Professor Michael Rosenthal presents Spinoza and the Struggle for Toleration in the Modern World 

Michael Rosenthal

Professor Michael Rosenthal presents Spinoza and the Struggle for Toleration in the Modern World at the Temple Beth Am, on Wednesday, March 2, 9, and 16 from 7:00 to 9:00 PM.  The whole series $35 or $15 per lecture, and free for students with valid ID. All lectures are open to the entire Seattle Community.

More information and registration at

March 2: Why was Spinoza Banned from the Jewish Community?

Amsterdam and problem of Religious Toleration

Spinoza was banned from the Jewish community in Amsterdam in 1656 on account of his “horrendous heresies … and evil opinions.” We will explore Spinoza’s life and ideas in order to explain what led to his excommunication. We will examine some of the controversial arguments in his book, the Theological-Political Treatise, that: i) challenged traditional religious ideas of revelation and divine providence; and ii) offered a social contract theory of the state and argued for a new idea of religious toleration.

March 9: Does Spinoza want to overcome religion or reform it?

Universal Religion and Reform Judaism

Some have argued that Spinoza wanted to abolish particular religions and establish a universal religion based on reason. Others claim that Spinoza wanted to reform religion. We will look at each side of this debate and situate it in a particular historical context. On the one hand, Spinoza was an important figure in the so-called “radical Enlightenment,” an intellectual movement that played an important role in the French Revolution, which swept aside traditional religion as a kind of superstition and tried to usher in a new dawn of secular reason. On the other hand, Spinoza influenced those Jews, especially in nineteenth century Germany, who wanted to reform their religion in line with the demands of a modern, liberal society.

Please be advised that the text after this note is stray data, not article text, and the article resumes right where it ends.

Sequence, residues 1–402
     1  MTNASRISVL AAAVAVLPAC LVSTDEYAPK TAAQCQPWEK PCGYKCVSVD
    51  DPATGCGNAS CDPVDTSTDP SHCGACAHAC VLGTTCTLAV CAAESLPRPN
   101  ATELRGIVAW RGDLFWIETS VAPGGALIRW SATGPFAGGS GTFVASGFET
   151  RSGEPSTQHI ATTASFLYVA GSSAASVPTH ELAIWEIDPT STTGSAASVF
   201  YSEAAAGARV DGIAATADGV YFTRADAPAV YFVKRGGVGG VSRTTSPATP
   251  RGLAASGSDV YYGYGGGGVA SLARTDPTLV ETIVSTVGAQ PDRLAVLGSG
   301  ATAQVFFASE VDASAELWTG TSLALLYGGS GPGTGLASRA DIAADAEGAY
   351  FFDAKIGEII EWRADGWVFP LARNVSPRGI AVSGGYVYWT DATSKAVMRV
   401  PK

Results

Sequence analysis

March 16 Is Spinoza a Zionist or would he feel more at home in Seattle?

Nationalism and Diaspora

 In 1953 David Ben Gurion, the first prime minister of Israel, called for the abolition of the ban on Spinoza. He believed that Spinoza was an exemplary modern Jew who foresaw the advent of political Zionism. In contrast, the great Nobel prize-winning author, Isaac Bashevis Singer, embraced Spinoza in many of his works as an inspiration for a scientifically-minded and cosmopolitan modern Jew. Is a Jewish state the future of our people or can we best thrive as a tolerated minority in a secular and religiously neutral state?